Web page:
Just Doing It!
The best way to describe Jeni Beck is -
She is an adventurous free spirit, living life Jeni's way, on Jeni's terms.
On March 29th, 2006, Jeni witnessed the total eclipse of the sun that took place and she traveled all the way to Egypt to do it - by herself with no knowledge of the geography or the culture. She just did it!
...total eclipse of the sun...
Go Jeni, go!
This is what she shared with me about her experience:
I read a story by Annie Dillard awhile ago. It was about an Eclipse. That was in 2003. When I found out about the 2006 eclipse I just decided that I wanted to go to Africa and watch it. I have wanted to go to Egypt since I was fifteen.
A solar eclipse occurs when the Moon passes between the Earth and Sun and the Moon obscures Earth's view of the Sun totally or partially. This configuration can only occur at New Moon, when the Sun and Moon are in conjunction, as seen from Earth. A total solar eclipse is considered by many to be the most spectacular natural phenomenon that one can observe.
SALLOUM, Egypt, March 29, 2006 — Mother Nature worked her magic today and even though the show lasted only four minutes, the crowds went wild.
Thousands of people gathered in the desert near Salloum, a coastal town a few miles from the Libyan border, to observe a total eclipse of the sun.
It was just the 29th total solar eclipse since the 1500s.
The moon started sneaking across the sun from the lower right side. It took about 90 minutes for the eclipse to be total, at which time the temperature dropped 29 degrees Fahrenheit.
In only minutes, the sky changed from bright blue to a dark purple.
"I understand why ancient people got so scared. If you don't know what is happening, it seems like doomsday," said Barbara Alexander, who made the trip from Santa Cruz, Calif.
Many observers cheered seconds before the total eclipse as they witnessed what is called a diamond-ring effect, when just the top of the sun glows like a four-carat gem.
For nearly four minutes in the middle of the day the sky was dark, the wind was blowing, and it was cold.
"This kind of eclipse is important because it's the only time when one can see the corona, which is the glow around the sun, " said a German astrologer who has seen eight eclipses.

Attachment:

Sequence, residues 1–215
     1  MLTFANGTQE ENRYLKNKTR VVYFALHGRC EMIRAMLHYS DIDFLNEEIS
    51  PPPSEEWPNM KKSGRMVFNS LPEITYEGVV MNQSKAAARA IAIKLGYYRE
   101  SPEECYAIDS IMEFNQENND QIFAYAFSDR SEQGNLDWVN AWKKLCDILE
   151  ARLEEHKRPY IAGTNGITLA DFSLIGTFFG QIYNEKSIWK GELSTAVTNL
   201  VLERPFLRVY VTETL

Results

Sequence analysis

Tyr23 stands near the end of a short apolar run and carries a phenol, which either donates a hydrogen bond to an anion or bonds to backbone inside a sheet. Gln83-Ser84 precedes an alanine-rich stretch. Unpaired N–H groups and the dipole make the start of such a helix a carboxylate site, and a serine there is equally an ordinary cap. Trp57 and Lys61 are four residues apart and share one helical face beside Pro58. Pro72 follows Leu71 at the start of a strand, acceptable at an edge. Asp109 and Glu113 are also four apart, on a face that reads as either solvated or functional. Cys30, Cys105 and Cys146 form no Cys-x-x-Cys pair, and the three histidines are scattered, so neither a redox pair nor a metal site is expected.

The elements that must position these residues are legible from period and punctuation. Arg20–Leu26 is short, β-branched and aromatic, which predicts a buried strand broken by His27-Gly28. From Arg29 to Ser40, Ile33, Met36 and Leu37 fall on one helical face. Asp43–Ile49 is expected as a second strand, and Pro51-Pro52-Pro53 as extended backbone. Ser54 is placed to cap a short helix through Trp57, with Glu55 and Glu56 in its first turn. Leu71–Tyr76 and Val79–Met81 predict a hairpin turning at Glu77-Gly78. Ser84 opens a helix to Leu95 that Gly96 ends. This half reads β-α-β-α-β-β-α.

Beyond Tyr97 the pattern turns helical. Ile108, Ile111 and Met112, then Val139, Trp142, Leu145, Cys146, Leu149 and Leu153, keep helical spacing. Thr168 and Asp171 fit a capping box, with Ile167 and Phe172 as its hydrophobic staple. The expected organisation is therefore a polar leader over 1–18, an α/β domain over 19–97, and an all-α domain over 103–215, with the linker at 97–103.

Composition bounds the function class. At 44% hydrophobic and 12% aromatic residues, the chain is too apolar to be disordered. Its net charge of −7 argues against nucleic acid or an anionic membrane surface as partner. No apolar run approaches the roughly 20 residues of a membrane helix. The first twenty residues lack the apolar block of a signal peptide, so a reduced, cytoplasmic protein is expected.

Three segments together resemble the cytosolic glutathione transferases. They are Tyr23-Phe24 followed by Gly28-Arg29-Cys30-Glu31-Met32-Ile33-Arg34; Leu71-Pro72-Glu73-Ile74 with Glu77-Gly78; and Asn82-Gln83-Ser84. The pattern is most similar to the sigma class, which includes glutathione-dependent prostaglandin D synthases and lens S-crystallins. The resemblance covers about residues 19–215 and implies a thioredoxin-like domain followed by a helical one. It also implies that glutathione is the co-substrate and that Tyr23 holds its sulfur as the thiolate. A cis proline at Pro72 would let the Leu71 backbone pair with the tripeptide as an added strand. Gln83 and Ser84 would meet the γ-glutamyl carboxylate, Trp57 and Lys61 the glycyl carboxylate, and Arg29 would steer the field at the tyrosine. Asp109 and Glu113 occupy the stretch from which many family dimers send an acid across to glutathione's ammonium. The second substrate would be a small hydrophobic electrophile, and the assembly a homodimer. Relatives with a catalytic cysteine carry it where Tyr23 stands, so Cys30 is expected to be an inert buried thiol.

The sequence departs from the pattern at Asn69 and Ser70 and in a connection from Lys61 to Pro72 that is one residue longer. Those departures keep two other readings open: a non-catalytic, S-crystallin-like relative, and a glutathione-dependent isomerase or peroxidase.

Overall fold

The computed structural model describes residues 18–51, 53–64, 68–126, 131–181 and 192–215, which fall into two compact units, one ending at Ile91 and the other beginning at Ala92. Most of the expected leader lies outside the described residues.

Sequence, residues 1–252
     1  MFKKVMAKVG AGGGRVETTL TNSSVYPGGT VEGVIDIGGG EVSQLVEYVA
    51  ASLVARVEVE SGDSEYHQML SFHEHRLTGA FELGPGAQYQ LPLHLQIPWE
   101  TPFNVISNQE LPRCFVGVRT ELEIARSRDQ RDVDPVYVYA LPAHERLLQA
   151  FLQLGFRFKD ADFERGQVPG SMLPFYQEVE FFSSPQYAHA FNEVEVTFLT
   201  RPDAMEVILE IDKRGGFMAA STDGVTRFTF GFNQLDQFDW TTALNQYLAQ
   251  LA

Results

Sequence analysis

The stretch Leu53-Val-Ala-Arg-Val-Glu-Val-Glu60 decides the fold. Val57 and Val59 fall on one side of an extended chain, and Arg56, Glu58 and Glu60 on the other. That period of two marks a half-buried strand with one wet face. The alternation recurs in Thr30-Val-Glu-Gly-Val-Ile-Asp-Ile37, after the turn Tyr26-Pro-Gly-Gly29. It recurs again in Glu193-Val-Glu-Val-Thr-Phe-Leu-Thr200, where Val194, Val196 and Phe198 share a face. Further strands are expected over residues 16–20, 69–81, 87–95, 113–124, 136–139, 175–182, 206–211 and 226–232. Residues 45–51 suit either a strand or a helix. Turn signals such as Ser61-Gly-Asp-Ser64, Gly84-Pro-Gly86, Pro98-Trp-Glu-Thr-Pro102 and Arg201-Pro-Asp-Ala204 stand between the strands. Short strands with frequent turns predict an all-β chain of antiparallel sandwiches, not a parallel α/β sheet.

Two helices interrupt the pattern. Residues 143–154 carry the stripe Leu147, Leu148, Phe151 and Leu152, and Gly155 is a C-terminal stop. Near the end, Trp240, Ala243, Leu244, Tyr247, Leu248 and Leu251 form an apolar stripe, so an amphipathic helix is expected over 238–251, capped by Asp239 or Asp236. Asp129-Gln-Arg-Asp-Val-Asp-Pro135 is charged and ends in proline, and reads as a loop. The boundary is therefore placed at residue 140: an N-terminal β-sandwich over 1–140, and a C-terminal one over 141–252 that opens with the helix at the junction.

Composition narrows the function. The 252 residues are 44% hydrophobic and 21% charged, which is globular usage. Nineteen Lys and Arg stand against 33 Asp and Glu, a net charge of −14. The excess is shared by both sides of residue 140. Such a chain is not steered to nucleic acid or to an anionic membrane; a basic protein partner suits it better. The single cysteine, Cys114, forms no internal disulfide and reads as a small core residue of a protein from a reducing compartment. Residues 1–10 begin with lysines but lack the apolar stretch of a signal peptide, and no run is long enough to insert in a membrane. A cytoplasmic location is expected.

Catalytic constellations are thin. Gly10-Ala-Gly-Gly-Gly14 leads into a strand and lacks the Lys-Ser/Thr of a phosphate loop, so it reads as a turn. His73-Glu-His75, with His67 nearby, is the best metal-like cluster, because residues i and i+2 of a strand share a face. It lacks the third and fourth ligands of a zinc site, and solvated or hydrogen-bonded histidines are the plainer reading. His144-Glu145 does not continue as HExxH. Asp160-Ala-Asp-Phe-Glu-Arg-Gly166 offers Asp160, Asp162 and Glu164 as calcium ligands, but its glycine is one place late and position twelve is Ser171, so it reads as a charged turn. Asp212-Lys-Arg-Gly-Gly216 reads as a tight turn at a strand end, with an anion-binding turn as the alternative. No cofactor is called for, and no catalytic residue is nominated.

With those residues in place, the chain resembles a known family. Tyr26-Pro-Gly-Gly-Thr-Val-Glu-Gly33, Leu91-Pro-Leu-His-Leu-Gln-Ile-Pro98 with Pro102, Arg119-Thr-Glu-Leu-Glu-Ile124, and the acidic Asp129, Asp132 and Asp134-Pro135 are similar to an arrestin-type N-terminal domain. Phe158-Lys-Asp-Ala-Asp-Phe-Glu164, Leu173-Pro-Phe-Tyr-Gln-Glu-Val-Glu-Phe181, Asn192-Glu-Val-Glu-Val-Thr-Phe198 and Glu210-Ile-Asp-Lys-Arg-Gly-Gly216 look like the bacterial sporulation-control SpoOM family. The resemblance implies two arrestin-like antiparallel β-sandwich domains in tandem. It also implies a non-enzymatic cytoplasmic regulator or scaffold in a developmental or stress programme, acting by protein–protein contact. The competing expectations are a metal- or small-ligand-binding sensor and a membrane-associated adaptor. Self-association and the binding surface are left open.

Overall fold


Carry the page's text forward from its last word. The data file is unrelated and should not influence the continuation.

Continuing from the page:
Most people watched the sky with their special red-and-blue-frame glasses to protect their eyes, while others peeked through telescopes.
The spectacle attracted people from Japan, Holland, Indonesia, Switzerland, the United States, and from nearby.
"We chose to come to Egypt because we wanted to see it [solar eclipse] where people thousands of years ago witnessed the same thing," said Jane Alpert, a teacher from Berkeley, Calif.
This was the first time Alpert had seen a total eclipse, but her travel companion had crossed the globe to see five already.
"It's a monumental mind-expanding experience," Barbara Lanier said.
A Kenyan boy, Deep Magda, 14, traveled with his class to witness the historic show in the sky.
"It's a once-in-a-lifetime experience," he said. "It's amazing to see so many people from all over in one place, especially when not everyone in this world gets along."
Libyan farmer witnessing the solar eclipse.
I had this moment recently...
You know when you remember some of the most important lessons that you've learned, that you forget, and you have to remember again? Well, I remembered that -
no one else is going to live my life for me and no one else will make my dreams come true and no one else will regret the things that I don't do.
So, I just did it!
The eclipse just resonated with me as an amazing thing to do in an amazing place. I just had to go and, I knew I couldn't wait for anyone to go with me. I couldn't wait to postpone things anymore that I knew were important to me and so,
I just did it.
I took a couple of Arabic lessons and I went to Egypt last week as a complete novice. It was one of those things where I knew that I just had to take the first step and then once I was there, I experienced "good wind" at my back.
And that is not to say that it was all easy. It took a lot of courage. For one thing -